Wednesday, February 15, 2006

Cindy Sheehan's t-shirt

At the State of the Union address a few days ago, anti-Iraq-war activist Cindy Sheehan was arrested and removed from the gallery because she was wearing a t-shirt highlighting the number of soldiers killed in President Bush's personal vendetta. Sheehan and others have proclaimed her arrest as proof that the Bush administration is an enemy of freedom.

The trouble is, it just ain't so.

The Capitol Police acted correctly and entirely within the law in both asking Cindy Sheehan to change her shirt and arresting her when she refused to comply. It wasn't during a State of the Union address, but I once sat in the gallery of the House of Representatives, more than three decades ago, during a family vacation in Washington. Not only would I have been removed for wearing a t-shirt with a political slogan (or commercial advertisement, or even a simple apolitical statement of patriotism), I was not allowed to read a newspaper (the rustling of the pages might disturb the legislators below) or even to read a paperback novel — even during a break in the proceedings. In the gallery of the House of Representatives, guests are expected and required to do nothing except sit quietly and observe. That's not some new post-9/11 rule, it is the way it has been for over two centuries.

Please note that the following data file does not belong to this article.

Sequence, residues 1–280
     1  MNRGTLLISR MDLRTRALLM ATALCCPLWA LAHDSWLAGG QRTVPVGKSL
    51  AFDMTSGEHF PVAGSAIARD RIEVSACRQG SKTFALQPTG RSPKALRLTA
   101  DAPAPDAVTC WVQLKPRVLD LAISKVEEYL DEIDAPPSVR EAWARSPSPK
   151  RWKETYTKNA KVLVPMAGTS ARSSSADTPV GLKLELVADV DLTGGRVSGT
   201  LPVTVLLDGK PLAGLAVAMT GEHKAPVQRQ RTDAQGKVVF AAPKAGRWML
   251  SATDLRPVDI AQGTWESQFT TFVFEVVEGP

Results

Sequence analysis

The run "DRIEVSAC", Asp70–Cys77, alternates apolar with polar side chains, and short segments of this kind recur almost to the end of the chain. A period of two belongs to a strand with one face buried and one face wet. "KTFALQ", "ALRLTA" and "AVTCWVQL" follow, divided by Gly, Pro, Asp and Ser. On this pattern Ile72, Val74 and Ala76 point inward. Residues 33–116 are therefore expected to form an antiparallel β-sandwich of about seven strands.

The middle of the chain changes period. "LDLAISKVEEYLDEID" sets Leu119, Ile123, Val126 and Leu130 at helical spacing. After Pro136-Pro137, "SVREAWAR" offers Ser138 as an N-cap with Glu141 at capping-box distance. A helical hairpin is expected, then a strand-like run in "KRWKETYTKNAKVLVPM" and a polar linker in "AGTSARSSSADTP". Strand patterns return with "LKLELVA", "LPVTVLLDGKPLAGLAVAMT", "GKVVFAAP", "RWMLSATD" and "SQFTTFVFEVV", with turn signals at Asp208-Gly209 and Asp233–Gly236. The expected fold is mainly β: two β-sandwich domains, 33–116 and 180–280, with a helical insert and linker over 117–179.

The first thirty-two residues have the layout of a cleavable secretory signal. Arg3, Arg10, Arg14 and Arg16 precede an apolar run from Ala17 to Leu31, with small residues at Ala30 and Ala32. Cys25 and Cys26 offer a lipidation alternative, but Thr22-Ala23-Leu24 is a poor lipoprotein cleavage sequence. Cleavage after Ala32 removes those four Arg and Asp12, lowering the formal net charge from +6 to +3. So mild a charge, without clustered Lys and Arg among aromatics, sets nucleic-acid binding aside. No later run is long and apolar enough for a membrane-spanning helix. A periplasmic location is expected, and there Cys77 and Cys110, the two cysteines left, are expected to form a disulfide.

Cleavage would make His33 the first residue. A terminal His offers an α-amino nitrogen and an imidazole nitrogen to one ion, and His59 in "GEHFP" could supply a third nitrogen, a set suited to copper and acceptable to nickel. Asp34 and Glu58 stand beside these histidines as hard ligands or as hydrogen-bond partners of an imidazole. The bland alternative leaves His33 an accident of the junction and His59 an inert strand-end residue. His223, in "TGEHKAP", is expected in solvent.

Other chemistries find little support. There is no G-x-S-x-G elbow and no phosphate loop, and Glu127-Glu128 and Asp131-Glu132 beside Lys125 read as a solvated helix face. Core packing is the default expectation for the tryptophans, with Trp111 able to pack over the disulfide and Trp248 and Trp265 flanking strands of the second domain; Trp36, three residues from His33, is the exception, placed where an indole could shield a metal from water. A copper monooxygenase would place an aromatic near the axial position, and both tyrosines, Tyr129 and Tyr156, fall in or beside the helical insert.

Cindy Sheehan's freedom of speech is not absolute. Refusing to allow her to hijack "The People's House" for her own political platform was proper and necessary. She has the right to stand on the Capitol steps and speak against the President's foolish and immoral rush to send thousands of patriotic Americans to be killed or maimed in an unnecessary and counterproductive exercise in international bullying, but not the right to make that same statement from the gallery within the House chamber.

I met Cindy Sheehan in person, at Camp Casey II in Crawford, Texas. I even got to shake her hand. A month later, I was in the march on Washington, protesting the war. I admire much of what she has done in raising public awareness of the human cost of Bush's fantasies of being powerful and important. Furthermore, I do believe — based on issues like warrantless wiretaps and obsessive secrecy — that the Bush administration is the greatest threat to American freedom in the 21st century. However, Sheehan's wearing a t-shirt with a politically charged message in the gallery of the House of Representatives was nothing more than a cheap publicity stunt.

Voltaire didn't actually say, "I disapprove of what you say, but I will defend to the death your right to say it." [The quote is actually from Beatrice Hall in 1906; it is her paraphrase of Voltaire's attitude.] In this case, however, I may approve of what Cindy Sheehan has to say, but I will not defend her for trying to say it in the House gallery.